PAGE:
Prayer: Oh Lord, help me be truly available to listen to my students and to listen to You. Please draw each one to know that You are in heaven and to accept Jesus as their Savior. Thank You. Amen
Scripture: See that you do not look down on one of these little ones. For I tell you that their angels in heaven always see the face of my Father in heaven. Matthew 18:10 NIV
Sitting amongst a large group of students, I asked them to talk to me about school. I wanted to know what they liked and did not like about their schools and their teachers. As you can imagine, it was a fun and lively discussion. Some answers were not a surprise. For example, no one liked homework, but I also learned a lot that day. I was shocked to find that all but two students felt their teacher did not want them to ask questions if they did not understand the instructions or assignments. Student after student chimed in that their teacher would rather they mess up and receive a bad grade than have them raise their hand and “bother” them for help. The word “bother” came up over and over again. I said, “You cannot be serious!” But they were.
Today’s verse has been a reminder to me in the way I treat my own students. If their angels in heaven always see the face of the Father, who am I to be too busy or unapproachable. Sure, there are times that they should not interrupt and there are times they need to wait to ask a question, but I always try to remember to say, “Do you have any questions,” or “What did you need to ask me?”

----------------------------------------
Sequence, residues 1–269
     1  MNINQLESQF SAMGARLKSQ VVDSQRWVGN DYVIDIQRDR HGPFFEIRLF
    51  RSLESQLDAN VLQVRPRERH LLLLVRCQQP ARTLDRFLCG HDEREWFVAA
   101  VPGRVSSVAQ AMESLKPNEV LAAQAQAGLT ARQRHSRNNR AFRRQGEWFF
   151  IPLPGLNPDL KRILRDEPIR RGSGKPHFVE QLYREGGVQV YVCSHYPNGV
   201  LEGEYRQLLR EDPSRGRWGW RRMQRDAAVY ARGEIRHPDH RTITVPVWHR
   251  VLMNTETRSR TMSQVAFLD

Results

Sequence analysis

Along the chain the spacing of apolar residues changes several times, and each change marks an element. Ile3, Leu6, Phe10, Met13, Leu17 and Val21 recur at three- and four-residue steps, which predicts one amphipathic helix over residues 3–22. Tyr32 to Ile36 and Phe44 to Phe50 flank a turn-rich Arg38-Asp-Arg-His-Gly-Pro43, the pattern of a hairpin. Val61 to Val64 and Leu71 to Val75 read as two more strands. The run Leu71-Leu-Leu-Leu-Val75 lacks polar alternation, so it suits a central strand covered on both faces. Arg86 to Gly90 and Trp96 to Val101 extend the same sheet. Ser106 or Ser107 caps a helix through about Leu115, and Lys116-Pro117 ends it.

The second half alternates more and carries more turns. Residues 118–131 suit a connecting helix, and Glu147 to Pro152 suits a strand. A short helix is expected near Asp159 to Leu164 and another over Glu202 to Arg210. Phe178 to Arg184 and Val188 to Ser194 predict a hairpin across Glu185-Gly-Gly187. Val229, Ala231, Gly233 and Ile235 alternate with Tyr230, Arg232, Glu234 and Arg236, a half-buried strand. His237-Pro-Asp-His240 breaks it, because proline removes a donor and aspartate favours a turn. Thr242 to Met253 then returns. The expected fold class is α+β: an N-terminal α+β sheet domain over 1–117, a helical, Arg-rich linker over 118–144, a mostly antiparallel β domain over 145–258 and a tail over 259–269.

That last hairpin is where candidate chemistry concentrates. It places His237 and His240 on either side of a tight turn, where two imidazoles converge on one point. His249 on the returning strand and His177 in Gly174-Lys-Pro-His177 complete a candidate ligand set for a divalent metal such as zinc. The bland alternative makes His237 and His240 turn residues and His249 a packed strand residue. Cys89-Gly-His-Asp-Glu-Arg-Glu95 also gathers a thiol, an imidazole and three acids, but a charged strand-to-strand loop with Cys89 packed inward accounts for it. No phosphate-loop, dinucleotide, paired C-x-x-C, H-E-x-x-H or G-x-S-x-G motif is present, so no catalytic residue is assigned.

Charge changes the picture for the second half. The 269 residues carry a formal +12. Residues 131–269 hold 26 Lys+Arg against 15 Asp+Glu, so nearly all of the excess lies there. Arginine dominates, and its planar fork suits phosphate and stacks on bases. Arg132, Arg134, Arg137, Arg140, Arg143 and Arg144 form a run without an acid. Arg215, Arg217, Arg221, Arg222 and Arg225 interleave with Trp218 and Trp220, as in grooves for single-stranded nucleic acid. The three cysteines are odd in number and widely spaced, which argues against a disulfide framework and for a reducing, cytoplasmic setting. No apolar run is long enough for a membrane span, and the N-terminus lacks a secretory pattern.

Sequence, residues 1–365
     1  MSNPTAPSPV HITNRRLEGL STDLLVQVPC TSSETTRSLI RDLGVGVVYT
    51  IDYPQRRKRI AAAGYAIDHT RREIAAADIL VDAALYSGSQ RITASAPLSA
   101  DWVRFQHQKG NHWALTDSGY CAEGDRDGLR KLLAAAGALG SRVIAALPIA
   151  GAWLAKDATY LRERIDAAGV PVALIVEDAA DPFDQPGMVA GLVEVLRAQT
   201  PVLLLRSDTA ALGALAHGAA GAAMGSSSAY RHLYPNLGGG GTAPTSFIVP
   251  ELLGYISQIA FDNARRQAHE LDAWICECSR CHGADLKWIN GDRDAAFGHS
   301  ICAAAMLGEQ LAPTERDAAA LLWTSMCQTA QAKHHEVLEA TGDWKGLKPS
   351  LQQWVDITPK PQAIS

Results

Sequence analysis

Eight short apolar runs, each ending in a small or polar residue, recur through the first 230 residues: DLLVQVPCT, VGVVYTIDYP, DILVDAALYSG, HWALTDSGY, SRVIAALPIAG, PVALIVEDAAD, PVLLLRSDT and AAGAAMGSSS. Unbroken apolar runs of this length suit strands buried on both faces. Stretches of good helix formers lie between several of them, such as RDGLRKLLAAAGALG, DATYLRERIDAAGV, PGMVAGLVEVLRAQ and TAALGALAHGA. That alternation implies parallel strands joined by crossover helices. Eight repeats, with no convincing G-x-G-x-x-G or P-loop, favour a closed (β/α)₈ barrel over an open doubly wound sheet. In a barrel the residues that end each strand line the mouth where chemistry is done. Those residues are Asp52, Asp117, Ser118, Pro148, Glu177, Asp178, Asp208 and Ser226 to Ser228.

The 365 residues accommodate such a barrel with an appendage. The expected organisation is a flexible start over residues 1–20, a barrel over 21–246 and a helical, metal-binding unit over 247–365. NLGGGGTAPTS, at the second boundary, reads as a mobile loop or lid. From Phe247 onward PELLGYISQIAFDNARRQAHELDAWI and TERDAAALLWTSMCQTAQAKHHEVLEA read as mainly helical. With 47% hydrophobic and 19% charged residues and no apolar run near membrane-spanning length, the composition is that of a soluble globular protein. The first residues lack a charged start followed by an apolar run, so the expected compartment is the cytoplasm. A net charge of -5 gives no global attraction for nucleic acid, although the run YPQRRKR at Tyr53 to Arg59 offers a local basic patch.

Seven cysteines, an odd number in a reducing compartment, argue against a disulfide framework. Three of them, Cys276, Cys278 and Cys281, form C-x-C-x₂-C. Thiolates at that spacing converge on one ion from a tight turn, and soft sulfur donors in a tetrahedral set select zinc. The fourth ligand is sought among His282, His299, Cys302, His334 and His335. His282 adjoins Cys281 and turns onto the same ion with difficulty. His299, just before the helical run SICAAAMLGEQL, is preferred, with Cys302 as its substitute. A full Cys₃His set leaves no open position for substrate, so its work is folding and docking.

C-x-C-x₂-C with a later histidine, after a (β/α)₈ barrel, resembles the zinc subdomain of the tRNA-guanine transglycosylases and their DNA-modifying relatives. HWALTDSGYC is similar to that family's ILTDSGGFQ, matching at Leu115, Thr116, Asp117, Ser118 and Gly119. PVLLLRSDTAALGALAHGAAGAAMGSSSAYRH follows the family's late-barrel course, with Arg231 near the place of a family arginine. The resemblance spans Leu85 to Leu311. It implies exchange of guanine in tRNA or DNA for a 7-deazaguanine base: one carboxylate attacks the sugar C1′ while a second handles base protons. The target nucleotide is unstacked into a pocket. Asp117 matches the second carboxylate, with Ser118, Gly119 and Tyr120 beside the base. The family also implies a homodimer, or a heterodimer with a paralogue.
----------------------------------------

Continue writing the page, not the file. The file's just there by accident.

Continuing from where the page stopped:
We can all boldly approach our heavenly Father any time, night or day, without having to wait our turn or wait for Him to have time to listen. How wonderful to know I can approach Him like that. Yet, so many hesitate or wait to talk to God. We may go to a friend, or just suffer alone for days, months, and sometimes years before we approach God. Make sure your students know that you welcome them and their needs just as we know God desires for us to come to Him. Even if you feel you have made it known that your students can ask questions anytime, please make it a priority this week to remind them again.
Think of some other ways – besides words – that we can show ourselves approachable. These may include your body language or your position in the classroom. I encourage you to imagine your classroom filled with not only your students, but also their angels, and I challenge you to remain approachable.
Copyright Kathy Branzell. To connect with the author, email firstname.lastname@example.org
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